New Computational model of host responses to Clostridium difficile infection
The MIEP team has published a computational model of interactions between C. difficile, the microbiome and the host. The article, entitled “Systems Modeling of Interactions between Mucosal Immunity and the Gut Microbiome during Clostridium difficile Infection”, was published in PLOS One on July 31.
The model follows the time course of infection moving from initiation to resolution based on immunological data acquired from a mouse model of C. difficile infection. Computational simulations illustrated the effect of antimicrobial peptides generated from epithelial cells and neutrophils on the clearance of C. difficile and also the regrowth of beneficial commensal bacteria following antibiotic reduction. The impaired regrowth of the colonic host microbiome by these antimicrobial peptides may help explain why high rates of recurrence occur after initial infections with C. difficile.
Additional analysis of the model demonstrated a crucial role for the balance between CD4+ T helper cell subsets, Th17 and iTreg, and neutrophilic influx on the development of damage to the epithelium, a key pathological outcome of disease. The innovative computational immunology approaches used to simulate the effects of the host microbiome may be used to explore similar mechanisms to other gastroenteric pathogens such as H. pylori and immune-mediated diseases such as Crohn’s disease or Ulcerative colitis. The computational model used in this study is available for download at Biomodels.net (MODEL1507200000).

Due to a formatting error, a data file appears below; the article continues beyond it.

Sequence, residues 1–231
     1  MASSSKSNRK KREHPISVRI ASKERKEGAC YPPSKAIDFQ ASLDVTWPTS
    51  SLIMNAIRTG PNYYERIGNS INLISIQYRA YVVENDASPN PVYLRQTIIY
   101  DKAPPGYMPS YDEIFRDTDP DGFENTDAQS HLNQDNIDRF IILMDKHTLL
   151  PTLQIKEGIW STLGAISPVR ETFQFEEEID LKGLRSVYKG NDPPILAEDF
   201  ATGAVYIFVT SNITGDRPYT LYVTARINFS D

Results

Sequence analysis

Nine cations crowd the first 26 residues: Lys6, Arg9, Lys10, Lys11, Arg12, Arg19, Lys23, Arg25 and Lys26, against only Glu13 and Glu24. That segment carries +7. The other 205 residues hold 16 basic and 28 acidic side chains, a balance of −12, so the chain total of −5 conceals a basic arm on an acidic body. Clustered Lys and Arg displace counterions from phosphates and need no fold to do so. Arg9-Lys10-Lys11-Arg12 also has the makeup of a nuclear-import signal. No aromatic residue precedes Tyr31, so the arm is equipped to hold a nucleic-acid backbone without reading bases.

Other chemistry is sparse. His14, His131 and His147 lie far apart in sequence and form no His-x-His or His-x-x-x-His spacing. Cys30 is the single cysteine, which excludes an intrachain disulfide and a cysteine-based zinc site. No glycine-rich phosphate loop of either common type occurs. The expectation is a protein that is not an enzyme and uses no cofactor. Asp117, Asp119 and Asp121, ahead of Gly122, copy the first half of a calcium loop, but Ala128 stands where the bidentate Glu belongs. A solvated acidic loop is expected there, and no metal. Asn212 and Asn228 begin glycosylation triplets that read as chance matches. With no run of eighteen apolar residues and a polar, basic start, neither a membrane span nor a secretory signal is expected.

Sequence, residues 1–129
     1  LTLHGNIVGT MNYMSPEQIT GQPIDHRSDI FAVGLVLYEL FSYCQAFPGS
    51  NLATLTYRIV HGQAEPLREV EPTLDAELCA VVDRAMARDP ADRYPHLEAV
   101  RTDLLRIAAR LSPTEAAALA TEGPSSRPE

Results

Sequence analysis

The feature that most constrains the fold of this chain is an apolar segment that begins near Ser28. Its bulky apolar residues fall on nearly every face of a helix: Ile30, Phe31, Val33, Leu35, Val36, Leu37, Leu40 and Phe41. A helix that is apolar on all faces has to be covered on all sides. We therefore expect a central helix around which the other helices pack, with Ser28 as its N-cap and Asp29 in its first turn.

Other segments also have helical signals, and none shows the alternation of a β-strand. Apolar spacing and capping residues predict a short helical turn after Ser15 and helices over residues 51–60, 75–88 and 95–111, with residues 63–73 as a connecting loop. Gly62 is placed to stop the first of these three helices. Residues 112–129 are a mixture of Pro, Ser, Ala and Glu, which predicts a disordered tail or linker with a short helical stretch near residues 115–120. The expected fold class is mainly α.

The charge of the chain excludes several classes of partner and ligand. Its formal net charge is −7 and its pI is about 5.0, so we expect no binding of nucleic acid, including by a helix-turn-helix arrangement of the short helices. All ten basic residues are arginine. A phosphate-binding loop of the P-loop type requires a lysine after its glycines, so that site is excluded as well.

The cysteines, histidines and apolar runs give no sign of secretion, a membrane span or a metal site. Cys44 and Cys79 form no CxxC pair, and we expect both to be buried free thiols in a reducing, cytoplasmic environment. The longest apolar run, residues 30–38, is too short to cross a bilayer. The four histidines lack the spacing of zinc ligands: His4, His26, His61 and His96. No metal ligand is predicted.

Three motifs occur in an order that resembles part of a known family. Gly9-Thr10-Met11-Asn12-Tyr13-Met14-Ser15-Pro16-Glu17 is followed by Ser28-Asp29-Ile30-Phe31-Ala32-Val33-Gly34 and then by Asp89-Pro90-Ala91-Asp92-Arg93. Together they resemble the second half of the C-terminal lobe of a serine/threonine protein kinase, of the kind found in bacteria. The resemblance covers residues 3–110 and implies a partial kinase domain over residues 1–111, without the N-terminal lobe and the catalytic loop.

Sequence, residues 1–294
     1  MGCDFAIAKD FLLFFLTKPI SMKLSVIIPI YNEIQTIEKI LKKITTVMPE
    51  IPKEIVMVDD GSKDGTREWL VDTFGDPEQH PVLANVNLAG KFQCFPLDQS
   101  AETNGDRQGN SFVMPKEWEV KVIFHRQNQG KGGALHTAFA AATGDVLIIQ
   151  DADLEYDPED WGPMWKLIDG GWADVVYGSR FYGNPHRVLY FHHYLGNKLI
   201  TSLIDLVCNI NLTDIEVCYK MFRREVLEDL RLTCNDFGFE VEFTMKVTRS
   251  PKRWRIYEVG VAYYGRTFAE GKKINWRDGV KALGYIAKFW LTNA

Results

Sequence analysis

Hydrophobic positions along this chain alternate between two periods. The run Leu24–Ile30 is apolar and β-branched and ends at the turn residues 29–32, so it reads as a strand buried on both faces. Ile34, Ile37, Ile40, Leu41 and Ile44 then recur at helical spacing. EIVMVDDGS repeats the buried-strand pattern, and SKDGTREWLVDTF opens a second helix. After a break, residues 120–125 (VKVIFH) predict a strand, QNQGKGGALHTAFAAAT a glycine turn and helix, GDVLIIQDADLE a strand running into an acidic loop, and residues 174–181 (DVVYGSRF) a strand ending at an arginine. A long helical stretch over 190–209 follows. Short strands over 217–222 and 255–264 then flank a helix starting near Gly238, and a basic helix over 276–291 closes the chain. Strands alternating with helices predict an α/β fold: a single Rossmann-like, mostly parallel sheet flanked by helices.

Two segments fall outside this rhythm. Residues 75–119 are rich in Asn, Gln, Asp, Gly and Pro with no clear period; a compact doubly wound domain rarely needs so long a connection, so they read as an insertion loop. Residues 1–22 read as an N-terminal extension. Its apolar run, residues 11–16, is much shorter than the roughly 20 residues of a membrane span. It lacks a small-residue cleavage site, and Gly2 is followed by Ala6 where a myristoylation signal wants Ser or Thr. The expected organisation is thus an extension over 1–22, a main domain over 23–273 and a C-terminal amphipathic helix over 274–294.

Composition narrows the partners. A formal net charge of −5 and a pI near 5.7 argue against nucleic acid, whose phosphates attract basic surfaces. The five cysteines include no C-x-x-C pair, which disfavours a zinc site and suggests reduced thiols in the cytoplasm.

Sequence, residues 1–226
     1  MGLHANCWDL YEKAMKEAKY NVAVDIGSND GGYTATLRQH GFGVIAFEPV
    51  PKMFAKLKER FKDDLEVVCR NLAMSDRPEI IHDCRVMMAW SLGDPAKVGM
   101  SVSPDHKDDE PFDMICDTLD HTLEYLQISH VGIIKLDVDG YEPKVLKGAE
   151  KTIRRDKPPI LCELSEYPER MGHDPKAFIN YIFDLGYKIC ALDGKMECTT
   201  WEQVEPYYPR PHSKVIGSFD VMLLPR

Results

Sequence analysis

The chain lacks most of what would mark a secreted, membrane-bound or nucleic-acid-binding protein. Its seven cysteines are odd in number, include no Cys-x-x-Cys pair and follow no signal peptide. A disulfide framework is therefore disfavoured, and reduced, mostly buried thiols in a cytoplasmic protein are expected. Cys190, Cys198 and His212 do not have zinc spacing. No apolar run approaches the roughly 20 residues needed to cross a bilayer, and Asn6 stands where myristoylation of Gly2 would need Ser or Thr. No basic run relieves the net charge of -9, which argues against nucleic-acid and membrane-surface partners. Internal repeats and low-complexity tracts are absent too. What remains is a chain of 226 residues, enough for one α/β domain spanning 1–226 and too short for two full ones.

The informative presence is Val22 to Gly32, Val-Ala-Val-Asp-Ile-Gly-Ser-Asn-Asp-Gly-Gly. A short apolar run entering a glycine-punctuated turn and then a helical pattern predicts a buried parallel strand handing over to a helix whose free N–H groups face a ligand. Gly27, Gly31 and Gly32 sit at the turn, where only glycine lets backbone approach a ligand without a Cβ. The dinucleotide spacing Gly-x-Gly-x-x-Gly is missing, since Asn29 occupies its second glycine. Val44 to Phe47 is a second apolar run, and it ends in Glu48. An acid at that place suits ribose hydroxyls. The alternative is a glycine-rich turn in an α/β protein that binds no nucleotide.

The NIMML tackles unsolved fundamental challenges in complex human diseases with unmet clinical needs. The NIMML combines advanced computational technologies such as computer modeling and artificial intelligence with pre-clinical and clinical experimentation to catalyze the translation of scientific discoveries into creative solutions to the most challenging problems in healthcare. NIMML is located in Blacksburg, VA.